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Rachael Watkins

Rachael WATKINS was born in 1759/60 (approx.) in Hereford, Herefordshire. In August 1784 at Hereford, she was charged with breaking and entering four different properties, viz. the home of Ceppas BIGGS at Kent near Hentland parish on 23 August 1784, in the company of Susan MANNOCKS (10 linen caps, 4 linen shifts, 3 linen aprons, 1 woollen cloak, 1 pair of cotton gloves, 3 linen handkerchiefs, 1 silk handkerchief and 1 woollen apron); the home of Charles AUSTIN, at Bridstow parish on 23 August 1784, in the company of Susan MANNOCKS; the home of Mary PHILLIPS at Wormbridge parish on 26 August 1784 (1 stuff gown and 1 linen handkerchief); and the home of Humphrey ROGERS at Allensmore parish on 27 August 1784 (1 pair of stays; 1 linen gown, 1 silk and cotton handkerchief). She was convicted on 17 March 1785 at Hereford Assizes, in Hereford. She was handed over to William NOURSE and John DURKIN, Justices of the Peace, for supervision until the court order was carried out. She was sentenced to seven years transportation. Originally she was to be transported to America but this was later changed to Australia as transportation to America had ceased. Her name appears on the indents for the "Prince of Wales" in the First Fleet but she didn't embark on this ship as it is likely that she was either about to give birth or had just given birth to her son William. She remained in Hereford Gaol until 1789 when she was sent with three other women to London where she was put upon the "Neptune" in the infamous Second Fleet. It is not known what happened to her son William. Perhaps he was sent to his father.

She migrated from Portsmouth, Hampshire to Port Jackson, Sydney, NSW on 28 June 1790. Rachael was transported to Australia on board the "Neptune" which was the largest ship (809 Tons) in the Second Fleet. It left Portsmouth on 17 - 19 January 1790 (reported dates conflict) and then made a stop at the Cape of Good Hope for sixteen days before eventually arriving in Sydney. The Neptune was one of the six ships which comprised the Second Fleet also known as the Convict Death Fleet. The prisoners on these ships were treated with extreme brutality. The death rate on the Neptune was one death to every 3.1 convicts embarked.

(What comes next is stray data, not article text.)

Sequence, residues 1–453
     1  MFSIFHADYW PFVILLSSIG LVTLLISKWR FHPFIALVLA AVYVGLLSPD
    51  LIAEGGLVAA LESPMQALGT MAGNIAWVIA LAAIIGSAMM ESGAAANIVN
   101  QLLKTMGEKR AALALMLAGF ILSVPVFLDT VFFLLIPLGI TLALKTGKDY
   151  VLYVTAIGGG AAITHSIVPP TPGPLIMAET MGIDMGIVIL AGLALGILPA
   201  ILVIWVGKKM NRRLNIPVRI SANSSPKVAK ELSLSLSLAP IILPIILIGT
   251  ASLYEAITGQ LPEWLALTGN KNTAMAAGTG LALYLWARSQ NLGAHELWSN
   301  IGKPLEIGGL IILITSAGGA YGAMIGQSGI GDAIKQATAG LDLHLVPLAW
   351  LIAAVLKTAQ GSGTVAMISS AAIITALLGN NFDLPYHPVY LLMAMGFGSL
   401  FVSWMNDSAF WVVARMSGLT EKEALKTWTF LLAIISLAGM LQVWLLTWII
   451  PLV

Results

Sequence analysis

On 28 July 1790 she resided in Norfolk Island, Australia. About a month after arriving in Sydney, Rachael was one of 194 male and female convicts placed on board the "Surprize" and transferred to Norfolk Island. In 1791 she owned property in Charlotte Field at Queensborough, Norfolk Island. She was described as an energetic and independent woman. It was probably this energy and enthusiasm which saw her be one of only four Second Fleet women to be granted land (the others being Elizabeth DOUGLASS, Catherine HEYLAND and Mary TUCK). She was allowed this piece of land under Major GROSE's plan to encourage convicts to support themselves independently. In February 1791 a government sow was issued to her and she shared it with First Fleet convicts Jeremiah LEARY and Joseph PAGET. All three were probably required to do some government work but were allowed time to care for their vegetables and maize. By 1 July 1791 she had cleared 47 rods of her land.

She married James WILLIAMS in 1791 on Norfolk Island. It was on the island that James and Rachael met. They were probably married on the island in a group marriage ceremony performed by Rev Richard JOHNSON that is reported to have occurred, the details of which were never forwarded for registration. Her sentence expired in March 1792.